int *vv = (int*)((void*)(0x2027ff00- 2*sizeof(int))); // use as vv[0] and vv[1] with "2*sizeof(int)"
    <edit>
    psudo code doing this might give usable persistent memory in the same place as well - as long as other mallocs don't shift anything:
    > int * skipdynamic = malloc(64*1024)
    > int * vv = malloc( sizeof( int ) * 2 )
    > // use as vv[0] and vv[1] with "2*sizeof(int)"
    Last edited by defragster; 10-14-2021 at 09:36 PM. Reason: add cache note

  3. #3
    Junior Member
    Join Date
    Oct 2021
    Posts
    14
    I tried both define v1, v1 at DMAMEM region and using the "int *vv = (int*)((void*)(0x2027ff00- 2*sizeof(int)));" trick. none of them worked. Still getting the output as the following:
    -----------------------------------------------------
    after reset: v1=1698846984, v2=-1207963969
    assigned: v1=100, v2=108
    restart
    -----------------------------------------------------

    Code:
    extern "C" int main(void)
    {
    	Serial.begin(230400);
    	int *vv = (int*)((void*)(0x2027ff00- 2*sizeof(int)));
    	char buf[100];
    	sprintf(buf,"after reset: v1=%d, v2=%d",vv[0],vv[1]);
    	Serial.println(buf);
    	vv[0] = 100;
    	vv[1] = 108;
    	sprintf(buf,"assigned: v1=%d, v2=%d",vv[0],vv[1]);
    	Serial.println(buf);
    	delay(1000);
    	Serial.println("restart");
    	delay(1000);
            SCB_AIRCR = 0x05FA0004;    // firmware reset
    }

  4. #4
    Senior Member+ defragster's Avatar
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    15,081
    Opps - forgot ....

    That only writes to the cache and restart will leave it there added : arm_dcache_flush( vv, sizeof( int)*2 );

    Code:
    void setup() {
        Serial.begin(230400);
      int *vv = (int*)((void*)(0x2027ff00- 2*sizeof(int)));
      char buf[100];
      sprintf(buf,"after reset: v1=%d, v2=%d",vv[0],vv[1]);
      Serial.println(buf);
      vv[0] = 100;
      vv[1] = 108;
      arm_dcache_flush( vv, sizeof( int)*2 );
      sprintf(buf,"assigned: v1=%d, v2=%d",vv[0],vv[1]);
      Serial.println(buf);
      delay(1000);
      Serial.println("restart");
      delay(1000);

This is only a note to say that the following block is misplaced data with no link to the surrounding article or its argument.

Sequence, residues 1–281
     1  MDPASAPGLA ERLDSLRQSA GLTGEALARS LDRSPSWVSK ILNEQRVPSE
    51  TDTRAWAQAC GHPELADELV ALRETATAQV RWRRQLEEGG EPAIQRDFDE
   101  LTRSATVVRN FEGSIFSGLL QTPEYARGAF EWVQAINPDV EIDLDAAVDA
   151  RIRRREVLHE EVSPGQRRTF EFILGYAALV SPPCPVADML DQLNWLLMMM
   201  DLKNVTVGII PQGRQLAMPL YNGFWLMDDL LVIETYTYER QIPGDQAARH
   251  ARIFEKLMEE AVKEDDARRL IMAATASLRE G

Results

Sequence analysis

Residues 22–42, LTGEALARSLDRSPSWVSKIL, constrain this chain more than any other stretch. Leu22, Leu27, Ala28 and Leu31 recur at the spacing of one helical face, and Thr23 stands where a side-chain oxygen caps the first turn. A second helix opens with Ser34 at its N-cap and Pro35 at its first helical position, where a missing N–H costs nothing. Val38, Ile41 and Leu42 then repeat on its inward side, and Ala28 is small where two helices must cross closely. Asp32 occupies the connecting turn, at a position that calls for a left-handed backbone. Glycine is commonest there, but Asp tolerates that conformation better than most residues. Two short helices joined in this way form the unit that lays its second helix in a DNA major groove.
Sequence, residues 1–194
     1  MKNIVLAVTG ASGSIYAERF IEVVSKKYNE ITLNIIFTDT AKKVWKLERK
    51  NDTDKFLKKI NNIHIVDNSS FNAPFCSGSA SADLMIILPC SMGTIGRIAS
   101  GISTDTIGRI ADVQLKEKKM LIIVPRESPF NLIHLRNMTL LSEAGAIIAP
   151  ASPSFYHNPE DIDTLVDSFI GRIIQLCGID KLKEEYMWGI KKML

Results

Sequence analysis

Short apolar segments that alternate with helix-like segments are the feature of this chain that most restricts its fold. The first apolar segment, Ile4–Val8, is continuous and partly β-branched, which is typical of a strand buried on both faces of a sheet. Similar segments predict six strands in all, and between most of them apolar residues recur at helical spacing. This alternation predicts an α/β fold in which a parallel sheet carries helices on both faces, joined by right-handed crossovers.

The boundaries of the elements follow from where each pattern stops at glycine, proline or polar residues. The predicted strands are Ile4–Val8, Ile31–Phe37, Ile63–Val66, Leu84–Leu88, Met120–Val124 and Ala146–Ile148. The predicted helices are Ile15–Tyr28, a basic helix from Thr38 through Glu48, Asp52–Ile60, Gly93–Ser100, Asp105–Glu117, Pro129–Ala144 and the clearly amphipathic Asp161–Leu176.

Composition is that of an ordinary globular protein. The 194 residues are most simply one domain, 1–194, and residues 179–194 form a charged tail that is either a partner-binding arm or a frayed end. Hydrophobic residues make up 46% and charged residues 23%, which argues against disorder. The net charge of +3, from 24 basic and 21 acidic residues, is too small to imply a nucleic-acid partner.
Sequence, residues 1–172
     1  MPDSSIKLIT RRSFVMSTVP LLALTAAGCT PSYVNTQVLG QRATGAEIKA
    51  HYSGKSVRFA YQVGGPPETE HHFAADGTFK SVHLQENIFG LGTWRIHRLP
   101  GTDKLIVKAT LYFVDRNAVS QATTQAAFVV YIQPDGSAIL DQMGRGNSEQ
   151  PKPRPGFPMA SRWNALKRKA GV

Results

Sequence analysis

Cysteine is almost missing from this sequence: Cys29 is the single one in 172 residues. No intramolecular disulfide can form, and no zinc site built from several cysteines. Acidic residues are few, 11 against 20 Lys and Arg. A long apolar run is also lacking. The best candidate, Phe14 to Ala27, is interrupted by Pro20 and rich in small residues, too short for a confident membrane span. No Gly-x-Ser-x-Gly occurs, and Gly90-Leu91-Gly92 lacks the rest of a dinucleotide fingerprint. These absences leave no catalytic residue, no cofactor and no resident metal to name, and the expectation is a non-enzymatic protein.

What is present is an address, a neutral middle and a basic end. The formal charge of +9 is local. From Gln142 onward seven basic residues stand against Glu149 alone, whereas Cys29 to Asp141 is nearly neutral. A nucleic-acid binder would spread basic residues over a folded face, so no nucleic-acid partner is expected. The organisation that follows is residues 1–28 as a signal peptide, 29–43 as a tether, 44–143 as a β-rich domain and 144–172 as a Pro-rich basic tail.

//        SCB_AIRCR = 0x05FA0004;    // firmware reset
    }
    void loop() {
      // put your main code here, to run repeatedly:
    }
    And this:
    Code:
    void setup() {
      Serial.begin(230400);
      int *vv = (int*)((void*)(0x2027ff00 - 2 * sizeof(int)));
      char buf[100];
      sprintf(buf, "after reset: v1=%d, v2=%d", vv[0], vv[1]);
      Serial.println(buf);
      if ( vv[0] > 1000000 ) {
        vv[0] = 100;
        vv[1] = 108;
      }
      else {
        vv[0]++;
        vv[1]++;
      }
      arm_dcache_flush( vv, sizeof( int) * 2 );
      sprintf(buf, "assigned: v1=%d, v2=%d", vv[0], vv[1]);
      Serial.println(buf);
      delay(1000);
      Serial.println("restart");
      delay(1000);
      SCB_AIRCR = 0x05FA0004;    // firmware reset
    }
    void loop() {
      // put your main code here, to run repeatedly:
    }

  5. #5
    Junior Member
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    That's it!!! Thank you so much!!!

  6. #6
    Senior Member+ defragster's Avatar
    Join Date
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    15,081
    Quote Originally Posted by Jian View Post
    That's it!!! Thank you so much!!!
    Glad to help!

    It can be a bit cleaner :: int *vv = (int*)(0x2027ff00 - 2 * sizeof(int));

    But that hardcoded number "0x2027ff00" is the 1062's top of DMAMEM less the bytes used for CrashReport storage.

    Coming down from the top avoids the 1062 Secure boot thrashing of the lower KB's of DMAMEM and also stays clear of malloc() that builds upwards.

    But nothing protects that from other use or change ... and using that ugly number ... 0x2027ff00

  7. #7
    Junior Member
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    Oct 2021
    Posts
    14
    That makes all the sense. The key is flashing the cache. I knew it may have something to do with the location of the RAM. That is why I had setup two separate sections for v1 and v2. At least v2 should have worked had I known the command to flash the cache. Thank you again.